3 Ways to Survive a Career Slump
If you dread your morning alarm every day, are no longer sure where your career is taking you and generally feel unfulfilled in your working life, it’s likely you’re going through a career slump. And nothing’s worse than feeling stuck in an unmotivating and uninspired job.
Career slumps are surprisingly common. In fact, research suggests that 80.6% of UK workers have experienced a slump in their working lives. So what’s holding people back from finding something that excited and drives them?
If you find your job stagnating and need a helping hand, here are three ways to survive a career slump, guaranteed to help you find your career purpose again.
1. Switch up your role
It’s more than likely that you’re in a career slump because you’re bored.
It turns out that 11.2% of people believe that repetitive tasks are the main reason they’re in a funk day in, day out at work – especially when monotonous tasks can lead to boredom, lack of motivation and lack of enthusiasm. Research also suggests that they can affect your memory and concentration in later life too.
Therefore, before your job has a chance to reduce your brain function for the long run, it’s time to switch up your role.
If you’re not enjoying the repetitive tasks anymore, and you’ve experienced an increase in your workload, you need to speak up and let your boss know that you’re not happy with it.
You may find that there’s an easy solution, such as sharing the dull tasks amongst your colleagues. This will then leave you open to new, more exciting responsibilities – and fully-functioning cognitive abilities, of course.
2. Learn something new
If you’re stuck in a rut at work, it could be because there’s a lack of training and development – at least, that’s the case for 17.3% of UK workers.
A lack of relevant skills or experience is likely to fuel negative feelings while you’re at work. After all we aren’t supposed to remain static in our careers but instead, learn and improve for the sake of the organisation’s growth and our own.
So, how can you overcome this?
The easiest way is by learning something new, and you may choose to do this through your current organisation. 20% of UK professionals believe that getting the help of a mentor is a great way to learn something new. Not only will you receive tailored advice and support for your learning needs, but the personal touch is sure to elevate your mood and reduce your boredom too.
Alternatively, you may choose to enhance your skill-set through online learning courses – which is what 28.2% of professionals are choosing to do.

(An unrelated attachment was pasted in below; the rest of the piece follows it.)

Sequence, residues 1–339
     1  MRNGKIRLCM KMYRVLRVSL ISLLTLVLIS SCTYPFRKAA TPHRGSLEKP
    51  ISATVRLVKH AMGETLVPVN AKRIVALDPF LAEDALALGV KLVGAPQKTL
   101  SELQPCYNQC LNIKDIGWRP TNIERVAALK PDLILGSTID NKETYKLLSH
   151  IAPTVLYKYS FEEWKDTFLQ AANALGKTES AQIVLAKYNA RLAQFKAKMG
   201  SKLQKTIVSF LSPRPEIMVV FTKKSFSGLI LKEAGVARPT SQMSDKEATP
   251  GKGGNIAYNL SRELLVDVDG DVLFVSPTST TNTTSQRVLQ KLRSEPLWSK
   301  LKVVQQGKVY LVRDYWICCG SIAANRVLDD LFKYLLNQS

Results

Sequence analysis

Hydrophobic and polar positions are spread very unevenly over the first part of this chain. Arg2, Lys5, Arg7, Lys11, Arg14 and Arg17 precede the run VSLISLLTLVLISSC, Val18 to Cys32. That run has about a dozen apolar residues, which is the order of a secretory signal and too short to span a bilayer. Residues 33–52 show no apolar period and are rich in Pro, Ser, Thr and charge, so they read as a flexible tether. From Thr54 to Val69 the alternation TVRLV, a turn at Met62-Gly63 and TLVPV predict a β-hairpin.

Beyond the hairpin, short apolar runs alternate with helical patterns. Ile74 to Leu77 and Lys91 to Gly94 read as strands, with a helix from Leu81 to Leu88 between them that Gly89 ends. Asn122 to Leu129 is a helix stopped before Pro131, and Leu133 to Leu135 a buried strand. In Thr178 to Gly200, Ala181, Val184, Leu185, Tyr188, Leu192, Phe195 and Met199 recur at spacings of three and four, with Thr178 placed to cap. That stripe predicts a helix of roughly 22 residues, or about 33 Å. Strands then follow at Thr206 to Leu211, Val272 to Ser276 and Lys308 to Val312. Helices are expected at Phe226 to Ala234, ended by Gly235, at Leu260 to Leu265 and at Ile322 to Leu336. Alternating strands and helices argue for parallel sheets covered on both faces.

If you think this is the right option for you, make sure you’re aware of what you want to get out of a course. For example, you may prefer to top up your skills with the knowledge that’s going to help you achieve more in your current workplace, or you may prefer to learn about something completely new and unrelated.
In short, choose a means of learning that’s going to kick your brain into gear and fulfil you.
3. Onwards and upwards
If you’ve switched up your role, received some extra training and you’re still not happy, your career slump may be the result of a lack of career progression. In fact, this is the case for 32.5% of professionals.
If you’re unsatisfied with the opportunities laid out in front of you (or the lack of!), speak up and let your boss know that you’re feeling unfulfilled and try to explain the direction you’d like to take your career in.
Fingers crossed this solves the issue, but there may be a chance you’ve hit a dead-end in your current role. If this is the case, it may be time to find more affluent pastures. This is a common move with UK workers as around 41% do in fact leave their current roles if they are unfulfilled.
Did you know that 2.6 million people in the UK feel unfilled at work and have the relevant skills to switch to non-profit? It’s all about finding a company and a cause that really drives you, because what you do for a living impacts every other element of your life. According to a study in the Journal of Economic Psychology, British people who work for charities tend to be much happier with their lives than for-profit workers. That’s because they’re more satisfied with the work they’re doing and believe more strongly that they’re playing a useful role in life.
Remember, if they won’t let you grow, you’ve got to go. There’s no time like the present to climb your way out of that career slump and find somewhere new.
Ready to make a change? Take a look at what jobs are available in the charity sector today.